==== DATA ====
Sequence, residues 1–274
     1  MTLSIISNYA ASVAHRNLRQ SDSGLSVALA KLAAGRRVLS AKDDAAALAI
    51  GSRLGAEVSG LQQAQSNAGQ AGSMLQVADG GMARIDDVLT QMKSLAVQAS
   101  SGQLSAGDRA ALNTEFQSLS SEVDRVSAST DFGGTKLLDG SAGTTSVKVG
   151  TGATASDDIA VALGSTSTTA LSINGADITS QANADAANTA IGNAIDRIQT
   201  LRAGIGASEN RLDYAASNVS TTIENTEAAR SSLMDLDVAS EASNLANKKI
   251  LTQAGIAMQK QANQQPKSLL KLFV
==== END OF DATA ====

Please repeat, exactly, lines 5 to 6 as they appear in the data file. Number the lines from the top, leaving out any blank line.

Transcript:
   151  TGATASDDIA VALGSTSTTA LSINGADITS QANADAANTA IGNAIDRIQT
   201  LRAGIGASEN RLDYAASNVS TTIENTEAAR SSLMDLDVAS EASNLANKKI